The Knights Hospitaller lost their motherland a second time in 1798 when “Emperor” Napoleon decided to plunder Egypt, and along the way, Malta. The Grand Master Ferdinand von Hompesch zu Bolheim opened the doors of the Maltese fortresses for Napoleon. Why? Historians say that Hompesch sought financial gain or was coward.
Oh, gentlemen, are you kidding? The Grand Master of the Western Christian military order was a coward?! The only case in the almost 1000-year history of the oldest Catholic Order in the world? How it can be? Do you remember that the Constitutional Charter of the Order forbids its knights to raise a weapon against a Christian? Whether Napoleon was a Christian is another question, but the Grand Master just fulfilled the Charter!
By the way, the Pope never did confirm the displacement of Hompesch from his post in spite of the strong willingness of Russian Emperor Pavel I to take his place. Later, Ferdinand von Hompesch voluntarily resigned as Grand Master, and Russian Emperor Pavel I, in fact, saved the Order of Malta from full extinction. He became Grand Master of the Order de facto rather than de jure.
After the inspection of Maltese fortresses, one French general said, “This is a big luck that we found a man who opened those doors for us.” In other words, if the Knights of Malta had decided to defend themselves, Napoleon would not have gotten to Egypt.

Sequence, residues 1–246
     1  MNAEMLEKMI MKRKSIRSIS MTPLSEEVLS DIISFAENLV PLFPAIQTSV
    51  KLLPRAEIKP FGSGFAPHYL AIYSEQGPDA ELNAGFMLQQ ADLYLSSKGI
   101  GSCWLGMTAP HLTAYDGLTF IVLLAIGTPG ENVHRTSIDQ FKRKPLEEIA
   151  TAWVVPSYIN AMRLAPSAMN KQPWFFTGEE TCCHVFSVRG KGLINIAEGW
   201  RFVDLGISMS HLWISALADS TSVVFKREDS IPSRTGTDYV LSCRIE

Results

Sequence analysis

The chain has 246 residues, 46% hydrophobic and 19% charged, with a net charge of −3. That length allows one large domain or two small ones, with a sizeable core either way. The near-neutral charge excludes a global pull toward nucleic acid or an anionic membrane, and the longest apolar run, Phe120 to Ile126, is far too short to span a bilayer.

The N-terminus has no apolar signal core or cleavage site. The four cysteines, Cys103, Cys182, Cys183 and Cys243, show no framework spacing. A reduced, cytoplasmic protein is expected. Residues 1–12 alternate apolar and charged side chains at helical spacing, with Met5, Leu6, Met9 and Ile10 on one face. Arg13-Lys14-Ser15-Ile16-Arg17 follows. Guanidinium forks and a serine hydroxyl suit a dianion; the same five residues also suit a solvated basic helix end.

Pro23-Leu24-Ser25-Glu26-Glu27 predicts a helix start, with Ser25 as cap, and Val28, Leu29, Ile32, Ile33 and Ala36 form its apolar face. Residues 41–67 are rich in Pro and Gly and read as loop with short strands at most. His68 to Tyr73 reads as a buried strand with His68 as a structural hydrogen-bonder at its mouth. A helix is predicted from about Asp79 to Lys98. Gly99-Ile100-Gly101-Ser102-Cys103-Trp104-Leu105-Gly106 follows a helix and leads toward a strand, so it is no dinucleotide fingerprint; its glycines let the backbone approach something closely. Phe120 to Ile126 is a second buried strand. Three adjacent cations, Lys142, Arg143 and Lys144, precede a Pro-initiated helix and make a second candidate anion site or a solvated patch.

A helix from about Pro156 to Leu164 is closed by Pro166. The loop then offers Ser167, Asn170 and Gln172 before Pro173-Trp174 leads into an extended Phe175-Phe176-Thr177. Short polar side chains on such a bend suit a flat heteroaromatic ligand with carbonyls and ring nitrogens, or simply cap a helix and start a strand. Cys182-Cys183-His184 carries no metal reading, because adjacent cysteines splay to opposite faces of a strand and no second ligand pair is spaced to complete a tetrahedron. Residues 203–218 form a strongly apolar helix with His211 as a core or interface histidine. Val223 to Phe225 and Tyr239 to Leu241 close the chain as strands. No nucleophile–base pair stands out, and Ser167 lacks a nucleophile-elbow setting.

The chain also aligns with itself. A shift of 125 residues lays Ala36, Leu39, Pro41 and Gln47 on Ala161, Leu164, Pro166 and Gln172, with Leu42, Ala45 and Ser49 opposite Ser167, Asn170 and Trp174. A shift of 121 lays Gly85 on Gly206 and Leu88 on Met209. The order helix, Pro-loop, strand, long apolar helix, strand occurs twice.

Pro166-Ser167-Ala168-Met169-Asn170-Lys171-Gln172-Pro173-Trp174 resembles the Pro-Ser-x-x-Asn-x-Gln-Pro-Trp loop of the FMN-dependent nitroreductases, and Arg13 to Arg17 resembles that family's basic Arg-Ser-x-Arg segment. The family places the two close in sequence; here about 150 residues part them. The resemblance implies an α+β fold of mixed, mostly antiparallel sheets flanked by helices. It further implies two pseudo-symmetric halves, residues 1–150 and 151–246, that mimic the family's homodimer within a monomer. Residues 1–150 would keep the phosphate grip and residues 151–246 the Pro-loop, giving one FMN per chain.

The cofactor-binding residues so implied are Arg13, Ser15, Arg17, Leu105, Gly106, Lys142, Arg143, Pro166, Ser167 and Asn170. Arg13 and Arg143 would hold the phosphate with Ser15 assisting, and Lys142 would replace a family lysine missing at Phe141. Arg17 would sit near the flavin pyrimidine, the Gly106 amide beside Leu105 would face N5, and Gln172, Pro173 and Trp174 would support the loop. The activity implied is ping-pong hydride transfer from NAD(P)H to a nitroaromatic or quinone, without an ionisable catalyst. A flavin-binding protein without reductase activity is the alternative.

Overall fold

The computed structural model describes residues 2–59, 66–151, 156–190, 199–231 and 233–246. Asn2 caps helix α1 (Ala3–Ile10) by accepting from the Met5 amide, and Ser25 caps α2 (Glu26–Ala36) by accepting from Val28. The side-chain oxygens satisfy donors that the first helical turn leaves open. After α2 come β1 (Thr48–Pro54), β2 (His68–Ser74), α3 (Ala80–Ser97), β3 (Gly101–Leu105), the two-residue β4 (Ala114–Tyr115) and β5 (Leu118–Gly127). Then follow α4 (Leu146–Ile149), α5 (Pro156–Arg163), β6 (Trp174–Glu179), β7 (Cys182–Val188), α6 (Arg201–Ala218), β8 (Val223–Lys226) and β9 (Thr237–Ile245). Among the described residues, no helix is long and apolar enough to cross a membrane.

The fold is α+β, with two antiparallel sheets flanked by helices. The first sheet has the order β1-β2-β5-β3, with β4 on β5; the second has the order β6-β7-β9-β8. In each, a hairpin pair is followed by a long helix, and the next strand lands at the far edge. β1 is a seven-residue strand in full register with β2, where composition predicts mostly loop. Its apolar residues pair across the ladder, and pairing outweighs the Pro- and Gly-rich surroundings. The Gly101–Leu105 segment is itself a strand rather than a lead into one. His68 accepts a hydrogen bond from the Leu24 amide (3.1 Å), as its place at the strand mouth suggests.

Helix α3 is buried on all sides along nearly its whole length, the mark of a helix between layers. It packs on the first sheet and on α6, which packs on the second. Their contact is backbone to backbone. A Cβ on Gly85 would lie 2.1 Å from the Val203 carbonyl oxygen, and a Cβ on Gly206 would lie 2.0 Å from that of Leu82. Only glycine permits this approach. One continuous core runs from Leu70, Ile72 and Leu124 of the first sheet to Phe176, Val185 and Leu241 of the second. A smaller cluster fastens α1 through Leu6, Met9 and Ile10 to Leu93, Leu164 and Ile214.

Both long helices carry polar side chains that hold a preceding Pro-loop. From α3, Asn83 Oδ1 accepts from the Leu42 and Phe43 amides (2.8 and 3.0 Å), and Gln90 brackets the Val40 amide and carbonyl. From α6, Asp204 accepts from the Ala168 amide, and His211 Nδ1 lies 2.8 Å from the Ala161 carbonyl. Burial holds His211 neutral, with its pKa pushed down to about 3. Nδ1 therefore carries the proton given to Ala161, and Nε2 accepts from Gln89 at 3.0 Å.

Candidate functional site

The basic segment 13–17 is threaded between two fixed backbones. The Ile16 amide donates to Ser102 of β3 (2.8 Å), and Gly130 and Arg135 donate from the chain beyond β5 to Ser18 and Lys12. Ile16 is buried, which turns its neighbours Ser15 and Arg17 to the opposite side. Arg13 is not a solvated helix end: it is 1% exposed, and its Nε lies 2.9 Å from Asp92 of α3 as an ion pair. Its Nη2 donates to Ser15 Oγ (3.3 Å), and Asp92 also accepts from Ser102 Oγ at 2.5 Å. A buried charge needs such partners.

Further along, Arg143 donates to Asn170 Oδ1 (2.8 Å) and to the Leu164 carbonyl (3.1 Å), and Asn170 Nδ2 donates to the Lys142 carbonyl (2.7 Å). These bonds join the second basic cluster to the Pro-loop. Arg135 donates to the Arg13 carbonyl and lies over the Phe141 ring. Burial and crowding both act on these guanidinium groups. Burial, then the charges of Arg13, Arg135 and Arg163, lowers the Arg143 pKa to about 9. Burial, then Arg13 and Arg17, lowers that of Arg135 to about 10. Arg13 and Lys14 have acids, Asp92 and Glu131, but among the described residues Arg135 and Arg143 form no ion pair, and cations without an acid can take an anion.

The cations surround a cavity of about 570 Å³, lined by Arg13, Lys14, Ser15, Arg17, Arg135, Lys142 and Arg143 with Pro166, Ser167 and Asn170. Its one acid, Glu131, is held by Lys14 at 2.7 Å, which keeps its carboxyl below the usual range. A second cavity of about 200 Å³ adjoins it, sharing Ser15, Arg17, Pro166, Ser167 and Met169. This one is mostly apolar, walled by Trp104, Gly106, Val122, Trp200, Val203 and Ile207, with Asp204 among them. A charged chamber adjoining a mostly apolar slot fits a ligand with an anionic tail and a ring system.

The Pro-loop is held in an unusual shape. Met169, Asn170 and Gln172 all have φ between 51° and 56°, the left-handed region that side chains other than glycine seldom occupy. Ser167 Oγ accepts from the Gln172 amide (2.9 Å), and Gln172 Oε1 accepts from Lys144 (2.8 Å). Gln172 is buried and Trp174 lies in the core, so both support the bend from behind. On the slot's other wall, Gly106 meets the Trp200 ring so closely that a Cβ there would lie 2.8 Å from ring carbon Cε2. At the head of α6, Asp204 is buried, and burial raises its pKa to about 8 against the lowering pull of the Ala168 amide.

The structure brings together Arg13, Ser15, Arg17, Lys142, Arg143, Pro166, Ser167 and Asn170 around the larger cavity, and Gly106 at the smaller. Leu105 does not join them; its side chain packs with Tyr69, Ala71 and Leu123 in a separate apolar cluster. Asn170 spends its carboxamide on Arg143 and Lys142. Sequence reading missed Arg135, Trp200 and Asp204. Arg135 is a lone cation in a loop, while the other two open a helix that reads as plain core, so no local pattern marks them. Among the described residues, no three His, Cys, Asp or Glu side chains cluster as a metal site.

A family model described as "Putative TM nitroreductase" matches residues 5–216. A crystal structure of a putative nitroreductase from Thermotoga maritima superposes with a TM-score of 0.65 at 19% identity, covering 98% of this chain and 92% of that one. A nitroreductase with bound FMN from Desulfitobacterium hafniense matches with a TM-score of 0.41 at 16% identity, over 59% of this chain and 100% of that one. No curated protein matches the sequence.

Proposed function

Knights’ fortresses served Malta well again, 144 years later. During the bombardment of Malta by Italian and German Air Forces in 1940-1942, Italian fighter pilot Francisco Cavalera observed, “Malta was really a big problem for us—very well-defended.” The tiny knights’ island again contributed to the salvation of Europe, this time defending against fascists.
After the capitulation, the so-called Christian, Napoleon Bonaparte, robbed all Christian churches of Malta, and not only churches. The Maltese library, for example, contained nearly 900,000 valuable antique texts and was one of the biggest collections in Europe. Napoleon loaded the books onto his ship and headed for Egypt where the ship went down. The contribution of this “Christian” into the culture of Europe is “truly invaluable.”
But it was not enough for him; he deprived knights of their motherland. One part of them went to Western Europe, another took advantage of the hospitality of the Russian Emperor Pavel I. By the way, 53 knights joined the army of Napoleon for the expedition to Egypt. As strange as it might sound, probably, for them, it was the next Crusade to the East.
The Treaty of Amiens, signed in 1802, which established the sovereign rights of the Order over the island of Malta, was never applied. Knights Hospitaller still remain without a motherland to the present day.
Why would the European Union not take the initiative of returning the Maltese Islands to the Order of Malta? And why would France not to be the initiator? It is interesting, would Maltese citizens want to live in a knights’ state again?